Agents (corporate officers and directors) decided whether to enter the casino of shadow banking, especially gambling in its pure form like synthetic CDOs.

      The "explosion" in shadow banking came when we had Bush/Greenspan coupled with a federal legal system that through out all regulation of agents in Central Bank of Denver in 1995.

      AIG was an agency problem, having nothing to do with The Fed's dramatic shift to a forward rate guidance regime.

      When you have lawful gambling where agents can make hundreds of millions by gambling using other people's money, who can claim surprise that trillions are suddenly wagered?

    2. Shadow banking was not designed as a "casino". Firms placed giant levered duration bets using AA/AAA-rated assets. In other words, they sought to insulate themselves from credit risk while focusing on the information content of Fed communication: that rate volatility should drop and remain low.

      It was the six-sigma event of losses climbing up the waterfall of tranches to hit AA that finally broke AIG and the bond insurers (Ambac, MBIA). In other words, they too were playing a safe-asset "basis" trade that relied, in part, on low rate vol.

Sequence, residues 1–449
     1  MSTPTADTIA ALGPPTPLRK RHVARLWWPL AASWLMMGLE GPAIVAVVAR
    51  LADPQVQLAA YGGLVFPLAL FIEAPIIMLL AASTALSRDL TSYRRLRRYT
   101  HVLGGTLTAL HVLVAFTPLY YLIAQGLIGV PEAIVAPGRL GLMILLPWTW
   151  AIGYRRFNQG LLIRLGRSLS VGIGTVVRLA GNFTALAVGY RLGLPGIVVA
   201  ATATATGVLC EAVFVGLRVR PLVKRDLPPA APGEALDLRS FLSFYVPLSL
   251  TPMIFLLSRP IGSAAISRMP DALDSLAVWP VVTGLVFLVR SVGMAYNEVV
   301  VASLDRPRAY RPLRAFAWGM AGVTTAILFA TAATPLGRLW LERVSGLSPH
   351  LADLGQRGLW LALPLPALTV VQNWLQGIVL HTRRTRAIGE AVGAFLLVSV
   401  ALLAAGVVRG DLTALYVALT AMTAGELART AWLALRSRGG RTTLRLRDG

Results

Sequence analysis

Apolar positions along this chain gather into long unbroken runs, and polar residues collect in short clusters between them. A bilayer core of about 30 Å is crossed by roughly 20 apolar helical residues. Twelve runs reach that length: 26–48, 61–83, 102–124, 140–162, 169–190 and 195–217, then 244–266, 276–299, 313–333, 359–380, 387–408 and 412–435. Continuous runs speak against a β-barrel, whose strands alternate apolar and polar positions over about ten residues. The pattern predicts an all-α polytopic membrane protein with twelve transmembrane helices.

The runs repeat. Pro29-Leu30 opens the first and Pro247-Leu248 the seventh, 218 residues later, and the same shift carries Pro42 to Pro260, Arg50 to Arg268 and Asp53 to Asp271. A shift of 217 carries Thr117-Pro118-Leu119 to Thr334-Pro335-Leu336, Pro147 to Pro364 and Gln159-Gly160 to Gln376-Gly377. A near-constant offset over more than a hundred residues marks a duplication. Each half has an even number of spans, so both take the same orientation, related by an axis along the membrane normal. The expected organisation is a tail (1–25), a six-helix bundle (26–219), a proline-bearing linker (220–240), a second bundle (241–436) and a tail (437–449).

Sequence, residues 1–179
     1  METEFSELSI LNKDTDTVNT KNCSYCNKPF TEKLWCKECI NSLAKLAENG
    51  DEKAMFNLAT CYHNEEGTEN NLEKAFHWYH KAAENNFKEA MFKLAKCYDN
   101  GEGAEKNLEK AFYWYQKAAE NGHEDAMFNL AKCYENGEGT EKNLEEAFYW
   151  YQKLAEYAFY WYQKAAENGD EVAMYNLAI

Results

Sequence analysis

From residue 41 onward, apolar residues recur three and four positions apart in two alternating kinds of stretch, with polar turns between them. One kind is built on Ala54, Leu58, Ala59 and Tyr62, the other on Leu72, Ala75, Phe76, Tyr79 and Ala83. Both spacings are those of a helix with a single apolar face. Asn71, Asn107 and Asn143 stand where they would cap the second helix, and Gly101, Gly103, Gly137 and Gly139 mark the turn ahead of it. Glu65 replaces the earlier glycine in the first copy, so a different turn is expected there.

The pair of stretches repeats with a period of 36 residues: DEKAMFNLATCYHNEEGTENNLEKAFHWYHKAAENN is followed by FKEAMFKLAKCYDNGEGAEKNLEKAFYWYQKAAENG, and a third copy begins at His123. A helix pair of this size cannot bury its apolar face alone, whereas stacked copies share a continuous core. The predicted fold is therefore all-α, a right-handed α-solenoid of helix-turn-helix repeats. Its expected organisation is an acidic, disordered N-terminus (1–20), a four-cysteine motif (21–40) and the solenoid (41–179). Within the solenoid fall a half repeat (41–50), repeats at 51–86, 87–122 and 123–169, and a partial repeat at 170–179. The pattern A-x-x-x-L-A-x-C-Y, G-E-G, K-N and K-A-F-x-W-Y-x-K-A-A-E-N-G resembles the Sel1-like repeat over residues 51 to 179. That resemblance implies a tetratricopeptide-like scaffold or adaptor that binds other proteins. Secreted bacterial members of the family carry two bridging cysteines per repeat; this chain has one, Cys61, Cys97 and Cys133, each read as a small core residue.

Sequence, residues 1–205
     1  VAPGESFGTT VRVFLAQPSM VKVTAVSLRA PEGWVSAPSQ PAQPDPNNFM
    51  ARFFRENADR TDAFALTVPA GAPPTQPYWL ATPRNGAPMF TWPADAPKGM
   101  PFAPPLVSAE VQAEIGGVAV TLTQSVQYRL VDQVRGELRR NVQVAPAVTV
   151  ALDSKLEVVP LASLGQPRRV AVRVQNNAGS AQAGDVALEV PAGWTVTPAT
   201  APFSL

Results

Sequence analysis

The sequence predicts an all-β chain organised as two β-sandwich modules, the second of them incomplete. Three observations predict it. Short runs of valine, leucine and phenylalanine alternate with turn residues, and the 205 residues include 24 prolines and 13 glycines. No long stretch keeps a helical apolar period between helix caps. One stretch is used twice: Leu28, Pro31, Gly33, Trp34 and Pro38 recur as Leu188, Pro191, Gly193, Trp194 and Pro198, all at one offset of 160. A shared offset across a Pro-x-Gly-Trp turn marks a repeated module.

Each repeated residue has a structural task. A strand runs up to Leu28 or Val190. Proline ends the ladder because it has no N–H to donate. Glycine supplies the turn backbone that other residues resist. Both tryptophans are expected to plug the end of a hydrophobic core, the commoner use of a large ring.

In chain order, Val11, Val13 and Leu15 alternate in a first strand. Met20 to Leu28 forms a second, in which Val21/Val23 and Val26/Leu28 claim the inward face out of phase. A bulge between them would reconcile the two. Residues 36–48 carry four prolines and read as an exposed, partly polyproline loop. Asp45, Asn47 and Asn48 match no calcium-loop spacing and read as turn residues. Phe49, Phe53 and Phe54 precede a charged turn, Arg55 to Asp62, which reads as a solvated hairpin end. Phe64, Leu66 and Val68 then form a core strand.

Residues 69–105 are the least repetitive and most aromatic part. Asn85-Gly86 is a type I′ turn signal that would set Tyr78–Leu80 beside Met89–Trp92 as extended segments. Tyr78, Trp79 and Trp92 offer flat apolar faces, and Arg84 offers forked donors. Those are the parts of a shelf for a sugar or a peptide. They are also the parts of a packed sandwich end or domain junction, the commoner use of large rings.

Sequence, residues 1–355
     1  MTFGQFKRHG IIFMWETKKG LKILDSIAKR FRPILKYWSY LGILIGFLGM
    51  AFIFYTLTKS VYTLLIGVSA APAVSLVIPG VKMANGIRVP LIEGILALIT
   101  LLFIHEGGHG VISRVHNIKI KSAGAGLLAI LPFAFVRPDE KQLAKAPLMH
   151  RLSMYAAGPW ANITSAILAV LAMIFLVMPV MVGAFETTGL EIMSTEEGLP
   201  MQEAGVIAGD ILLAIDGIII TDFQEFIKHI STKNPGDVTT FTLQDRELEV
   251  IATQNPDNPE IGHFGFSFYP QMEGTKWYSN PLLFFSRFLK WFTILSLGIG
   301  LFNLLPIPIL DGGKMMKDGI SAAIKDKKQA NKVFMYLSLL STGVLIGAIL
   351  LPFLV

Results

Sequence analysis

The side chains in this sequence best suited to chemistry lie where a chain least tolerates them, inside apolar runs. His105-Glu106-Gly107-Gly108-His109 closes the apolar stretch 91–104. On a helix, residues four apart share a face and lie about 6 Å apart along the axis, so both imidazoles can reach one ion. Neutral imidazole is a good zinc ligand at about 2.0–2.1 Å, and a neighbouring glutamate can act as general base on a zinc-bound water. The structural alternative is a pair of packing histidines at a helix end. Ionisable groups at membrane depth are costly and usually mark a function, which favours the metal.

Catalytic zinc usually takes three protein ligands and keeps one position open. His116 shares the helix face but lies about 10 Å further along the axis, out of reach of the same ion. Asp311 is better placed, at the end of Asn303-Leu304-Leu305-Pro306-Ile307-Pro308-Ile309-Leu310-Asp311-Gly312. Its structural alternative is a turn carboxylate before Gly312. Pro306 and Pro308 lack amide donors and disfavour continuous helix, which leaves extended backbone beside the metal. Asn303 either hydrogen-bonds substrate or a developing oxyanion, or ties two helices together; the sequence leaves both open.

The GFC was not a crisis of risky lending, it was a crisis of perceived risk-less lending brought about largely by Fed-fueled duration bet strategies.

    3. Diego:

      Truth, like art, is in the eye of the beholder.

      You seem, to me, to make a Freudian slip [admission against interest] merely by the use of the word, "bet."

      Given the facts and circumstances, everyone knew the ratings were MAI and had no connection to reality. Were the agencies required to warranty their ratings? Opinions not backed up by one's bond have always been meaningless.